The most imposing structure was, as it had always been, the soaring double pyramid dedicated to Tláloc and to Huitzilo-póchtli. Mesoamerican pyramids, although sometimes containing tombs, were principally high platforms atop which rituals could be performed, either in open view, or behind the walls of a small temple chamber. Some anthropologists have used the term "theatre state" to describe governments that depend for their legitimacy upon their performance of dramatic rituals, and the term is especially appropriate when at least parts of these rituals are visible to the public. The pageantry of the Aztec régime was very much centered upon the human sacrifices performed at many towns, but especially upon the great pyramids of Tenochtítlan.
At the dedication of this great "bigger and better" central temple complex, the leaders of allied and enemy states were invited to Tenochtítlan to view the festivities, sitting behind a screen so that hoi polloi could not see that "enemies" were sitting with their leaders to observe the spectacle.
The leaders of Tenochtítlan were surely perfectly aware that much of their power lay in their ability to intimidate, and that may have lain behind the invitation to enemy leaders. The little town of Teloloh-ápan ("in the river of pebbles"), to the southwest of Tenochtítlan, declined to send a representative to the great event, and an Aztec army immediately descended upon the place and liquidated all of its inhabitants. The same thing happened to other towns that did not send representatives to view the days of sacrifice, including Oztóman, a heavily fortified town on the edge of Tarascan lands that had apparently hoped (vainly) to have Tarascan protection.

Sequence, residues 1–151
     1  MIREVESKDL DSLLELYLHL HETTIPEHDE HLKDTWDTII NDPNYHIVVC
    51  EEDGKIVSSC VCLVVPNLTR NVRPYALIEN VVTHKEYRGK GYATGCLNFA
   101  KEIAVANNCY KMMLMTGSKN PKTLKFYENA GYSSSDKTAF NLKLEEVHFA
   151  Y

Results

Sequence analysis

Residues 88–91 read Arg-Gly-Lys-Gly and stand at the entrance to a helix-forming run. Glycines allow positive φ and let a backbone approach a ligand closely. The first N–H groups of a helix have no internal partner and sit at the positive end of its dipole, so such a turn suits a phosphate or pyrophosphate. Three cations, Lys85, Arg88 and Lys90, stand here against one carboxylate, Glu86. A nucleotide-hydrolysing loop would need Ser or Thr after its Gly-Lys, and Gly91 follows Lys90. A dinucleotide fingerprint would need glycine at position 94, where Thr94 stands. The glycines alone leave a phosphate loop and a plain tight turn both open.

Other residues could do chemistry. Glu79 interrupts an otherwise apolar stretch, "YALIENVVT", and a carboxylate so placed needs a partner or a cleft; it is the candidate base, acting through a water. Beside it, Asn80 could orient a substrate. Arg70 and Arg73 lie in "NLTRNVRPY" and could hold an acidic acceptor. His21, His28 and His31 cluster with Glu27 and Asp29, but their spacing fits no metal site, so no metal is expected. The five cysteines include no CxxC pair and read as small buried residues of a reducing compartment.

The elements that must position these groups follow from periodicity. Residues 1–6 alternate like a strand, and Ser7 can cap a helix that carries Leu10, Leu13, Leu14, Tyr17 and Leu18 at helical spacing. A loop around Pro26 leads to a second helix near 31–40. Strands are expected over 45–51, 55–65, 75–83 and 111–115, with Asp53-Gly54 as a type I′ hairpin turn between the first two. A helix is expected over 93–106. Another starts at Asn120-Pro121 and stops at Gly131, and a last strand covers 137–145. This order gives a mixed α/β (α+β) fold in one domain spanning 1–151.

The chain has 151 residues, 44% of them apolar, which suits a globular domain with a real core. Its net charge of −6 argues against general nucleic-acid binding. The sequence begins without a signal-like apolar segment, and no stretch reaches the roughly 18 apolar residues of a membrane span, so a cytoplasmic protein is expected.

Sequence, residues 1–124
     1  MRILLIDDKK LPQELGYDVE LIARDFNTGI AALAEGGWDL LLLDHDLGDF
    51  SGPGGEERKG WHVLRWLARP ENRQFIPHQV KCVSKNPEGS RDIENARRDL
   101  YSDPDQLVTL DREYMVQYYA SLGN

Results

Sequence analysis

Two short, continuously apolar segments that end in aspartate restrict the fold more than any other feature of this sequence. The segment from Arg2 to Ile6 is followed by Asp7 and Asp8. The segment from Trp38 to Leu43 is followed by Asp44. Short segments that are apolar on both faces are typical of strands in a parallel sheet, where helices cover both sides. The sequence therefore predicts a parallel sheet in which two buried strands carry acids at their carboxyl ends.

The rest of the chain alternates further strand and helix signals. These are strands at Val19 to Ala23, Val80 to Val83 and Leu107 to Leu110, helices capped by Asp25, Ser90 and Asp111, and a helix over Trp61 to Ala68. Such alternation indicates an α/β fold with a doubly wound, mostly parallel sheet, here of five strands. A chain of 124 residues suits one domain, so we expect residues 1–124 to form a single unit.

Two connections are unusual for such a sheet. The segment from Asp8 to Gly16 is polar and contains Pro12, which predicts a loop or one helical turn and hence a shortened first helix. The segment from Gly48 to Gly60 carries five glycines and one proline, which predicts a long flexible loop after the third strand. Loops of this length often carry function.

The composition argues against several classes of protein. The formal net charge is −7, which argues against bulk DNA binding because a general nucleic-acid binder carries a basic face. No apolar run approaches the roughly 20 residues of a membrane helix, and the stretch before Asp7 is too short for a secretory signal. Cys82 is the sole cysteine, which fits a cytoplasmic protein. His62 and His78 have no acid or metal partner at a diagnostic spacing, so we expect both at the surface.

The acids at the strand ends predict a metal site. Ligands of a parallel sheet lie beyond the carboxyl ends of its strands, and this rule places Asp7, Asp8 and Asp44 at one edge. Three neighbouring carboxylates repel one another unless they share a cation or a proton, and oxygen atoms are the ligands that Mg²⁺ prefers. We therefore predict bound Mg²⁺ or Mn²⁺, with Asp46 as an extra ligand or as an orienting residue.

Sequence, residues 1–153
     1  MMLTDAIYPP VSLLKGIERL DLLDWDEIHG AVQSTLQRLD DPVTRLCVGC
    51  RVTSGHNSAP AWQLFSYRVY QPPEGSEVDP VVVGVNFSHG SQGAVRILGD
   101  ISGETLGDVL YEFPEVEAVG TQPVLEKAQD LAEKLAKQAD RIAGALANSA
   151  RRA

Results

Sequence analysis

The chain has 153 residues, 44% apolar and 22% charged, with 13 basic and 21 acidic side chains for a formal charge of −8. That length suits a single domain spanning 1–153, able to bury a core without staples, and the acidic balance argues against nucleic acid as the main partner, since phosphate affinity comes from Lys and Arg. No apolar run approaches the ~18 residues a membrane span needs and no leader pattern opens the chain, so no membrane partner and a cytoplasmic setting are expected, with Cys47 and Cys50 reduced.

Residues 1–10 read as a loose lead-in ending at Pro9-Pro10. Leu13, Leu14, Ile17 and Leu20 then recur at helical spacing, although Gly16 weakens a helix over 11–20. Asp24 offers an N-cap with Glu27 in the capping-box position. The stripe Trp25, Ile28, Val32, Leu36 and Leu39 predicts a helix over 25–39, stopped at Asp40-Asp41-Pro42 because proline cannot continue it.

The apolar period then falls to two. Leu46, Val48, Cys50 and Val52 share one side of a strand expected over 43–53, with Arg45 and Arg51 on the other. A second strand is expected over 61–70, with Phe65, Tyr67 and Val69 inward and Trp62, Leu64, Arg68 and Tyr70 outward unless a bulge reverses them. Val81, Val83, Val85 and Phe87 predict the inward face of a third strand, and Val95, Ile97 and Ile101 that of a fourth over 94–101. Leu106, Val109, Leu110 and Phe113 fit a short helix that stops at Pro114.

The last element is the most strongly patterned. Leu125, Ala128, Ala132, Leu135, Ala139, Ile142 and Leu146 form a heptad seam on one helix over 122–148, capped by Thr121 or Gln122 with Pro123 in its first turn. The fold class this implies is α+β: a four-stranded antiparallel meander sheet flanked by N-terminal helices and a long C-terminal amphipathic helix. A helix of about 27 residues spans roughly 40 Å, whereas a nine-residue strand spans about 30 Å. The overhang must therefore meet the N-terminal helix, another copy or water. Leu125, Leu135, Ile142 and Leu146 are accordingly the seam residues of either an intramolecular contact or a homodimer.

In the years following the dedication of the last phase of the great temple, the Aztec armies penetrated into new areas. Towns in Oaxaca were destroyed and resettled. The Pacific Coast was conquered from modern Zacatula to modern Acapulco. And by century's end, as Europeans were landing in the Caribbean, the Aztecs had crossed the Isthsmus of Tehuantépec and established their authority in Xoconoxco (modern Soconusco, where Mexico meets Guatemala along the Pacific coast).
Emperor 9, Moteuczóma Xocóyotl ("the younger frowning lord") (or Moteuczóma Xocoyótzin or Moteuczóma II), the emperor we know in English as "Montezuma," came to the throne in 1503. It was not an easy year, for Tenochtítlan, now a city of between 150,000 and 200,000 people, [Note 34] or for the Valley of Mexico, now home to between a million and a million and a half people, for the dikes and waterworks failed and the lake flooded.
|« Part 17||
|Part 19 »|
Return to top.